In a recent article, Price et al. demonstrate how comparative genomic sequencing can reveal the repertoire of genetic changes incurred by B. pseudomallei during chronic human infection. Their results have significant clinical ramifications and highlight B. pseudomallei’s ability to survive in a wide range of potential niches within hosts, through the acquisition of genetic adaptations that optimize fitness and resource utilization. These studies demonstrate B. pseudomallei’s remarkable ability to evolve genetically even within the same human host.

Less Is More: Burkholderia pseudomallei and Chronic Melioidosis. (2013) MBio. doi: 10.1128/mBio.00709-13


Smaller fleas upon their back to bite them

Wednesday, June 19th, 2013

Sputnik Rapid advances of genomics and metagenomics lead not only to the rapid growth of sequence databases but to discovery of fundamentally novel types of genetic elements. The discovery and characterization of giant viruses that infect unicellular eukaryotes, in particular members of the family Mimiviridae infecting amoeba, over the last decade revealed a remarkable new class of agents that are typical viruses by structure and reproduction strategy but exceed many parasitic bacteria in size and genomic complexity. Like bacteria, the giant viruses (sometimes called giruses) possess their own parasites and their own mobilomes, i.e. communities of associated mobile genetic elements.

The first virus infecting a giant virus, the Sputnik virophage, was isolated from a mimivirus-infected acanthamoeba and shown to replicate within the mimivirus factories and partially inhibit the reproduction of the host mimivirus. The second virophage, named Mavirus, is a parasite of the Cafeteria roenbergensis virus (CroV), a distant relative of the mimiviruses. The third virophage genome was isolated from the Antarctic Organic Lake (hence OLV, Organic Lake Virophage) where it apparently controls the reproduction of its virus host classified as a phycodnavirus. The three well-characterized virophages possess small isocahedral virions and genomes of 20 to 25 kilobase encoding 21 to 26 proteins each. Although the virophages are similar in genome size and structure and are generally construed as related, only a minority of the virophage genes are homologous.

Analysis of the Mavirus genome resulted in the discovery that this virophage shared 5 homologous genes with the large, self-replicating eukaryotic transposable elements of the Maverick/Polinton class (hereinafter Polintons). The Polintons that are scattered among genome of diverse eukaryotes and reach high abundance in some protists, such as Trichomonas vaginalis, have long been considered ‘virus-like’ transposons because of their large size (20 kb and larger) and the presence of several genes that are common in viruses but not in other transposable elements. The Mavirus shows by far the closest affinity with the Polintons among the currently known viruses, and accordingly, it has been proposed that the Polintons evolved from the virophages.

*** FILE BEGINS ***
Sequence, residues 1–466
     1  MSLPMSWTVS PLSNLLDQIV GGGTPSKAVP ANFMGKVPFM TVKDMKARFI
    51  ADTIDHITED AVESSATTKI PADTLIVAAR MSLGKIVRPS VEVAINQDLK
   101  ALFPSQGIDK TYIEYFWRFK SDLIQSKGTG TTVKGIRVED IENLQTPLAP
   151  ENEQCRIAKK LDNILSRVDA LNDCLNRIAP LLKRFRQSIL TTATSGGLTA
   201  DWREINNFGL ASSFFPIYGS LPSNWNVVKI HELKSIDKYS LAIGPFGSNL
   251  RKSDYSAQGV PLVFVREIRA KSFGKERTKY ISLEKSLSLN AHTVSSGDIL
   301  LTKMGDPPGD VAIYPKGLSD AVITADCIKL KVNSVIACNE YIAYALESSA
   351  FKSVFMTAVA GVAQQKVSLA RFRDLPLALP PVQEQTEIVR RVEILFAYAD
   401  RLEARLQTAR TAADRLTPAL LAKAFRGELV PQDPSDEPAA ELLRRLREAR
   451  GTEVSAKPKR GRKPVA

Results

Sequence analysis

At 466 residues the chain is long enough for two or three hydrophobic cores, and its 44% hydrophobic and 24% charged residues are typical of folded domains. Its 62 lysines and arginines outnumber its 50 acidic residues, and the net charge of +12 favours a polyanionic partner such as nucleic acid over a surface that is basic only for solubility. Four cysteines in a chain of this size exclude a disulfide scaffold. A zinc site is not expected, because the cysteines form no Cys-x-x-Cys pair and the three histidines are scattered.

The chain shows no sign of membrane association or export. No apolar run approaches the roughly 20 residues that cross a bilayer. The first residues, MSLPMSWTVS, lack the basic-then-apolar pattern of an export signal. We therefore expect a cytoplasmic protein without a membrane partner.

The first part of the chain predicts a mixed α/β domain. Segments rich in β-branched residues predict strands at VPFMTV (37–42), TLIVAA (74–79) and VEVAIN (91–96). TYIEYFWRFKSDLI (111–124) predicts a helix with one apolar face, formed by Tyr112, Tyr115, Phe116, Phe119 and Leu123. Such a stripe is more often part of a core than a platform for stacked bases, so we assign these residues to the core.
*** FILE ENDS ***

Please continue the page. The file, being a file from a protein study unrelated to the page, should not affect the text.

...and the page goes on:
In addition to the virophages, the giant viruses host several other groups of mobile elements. These include self-splicing introns, inteins, putative bacterial-type transposons and the most recently discovered novel linear plasmids named transpovirons. The transpovirons are highly abundant genetic elements associated with several giant viruses of the Mimiviridae family that contain only 6 to 8 genes two of which are homologous to genes of the Sputnik virophage, indicating multiple gene exchanges within the giant virus mobilome.


Virophages, polintons, and transpovirons: a complex evolutionary network of diverse selfish genetic elements with different reproduction strategies. (2013) Virology Journal, 10:158 doi: 10.1186/1743-422X-10-158
Recent advances of genomics and metagenomics reveal remarkable diversity of viruses and other selfish genetic elements. In particular, giant viruses have been shown to possess their own mobilomes that include virophages, small viruses that parasitize on giant viruses of the Mimiviridae family, and transpovirons, distinct linear plasmids. One of the virophages known as the Mavirus, a parasite of the giant Cafeteria roenbergensis virus, shares several genes with large eukaryotic self-replicating transposon of the Polinton (Maverick) family, and it has been proposed that the polintons evolved from a Mavirus-like ancestor. We performed a comprehensive phylogenomic analysis of the available genomes of virophages and traced the evolutionary connections between the virophages and other selfish genetic elements. The comparison of the gene composition and genome organization of the virophages reveals 6 conserved, core genes that are organized in partially conserved arrays. Phylogenetic analysis of those core virophage genes, for which a sufficient diversity of homologs outside the virophages was detected, including the maturation protease and the packaging ATPase, supports the monophyly of the virophages. The results of this analysis appear incompatible with the origin of polintons from a Mavirus-like agent but rather suggest that Mavirus evolved through recombination between a polinton and an unknownvirus. Altogether, virophages, polintons, a distinct Tetrahymena transposable element Tlr1, transpovirons, adenoviruses, and some bacteriophages form a network of evolutionary relationships that is held together by overlapping sets of shared genes and appears to represent a distinct module in the vast total network of viruses and mobile elements. The results of the phylogenomic analysis of the virophages and related genetic elements are compatible with the concept of network-like evolution of the virus world and emphasize multiple evolutionary connections between bona fide viruses and other classes of capsid-less mobile elements.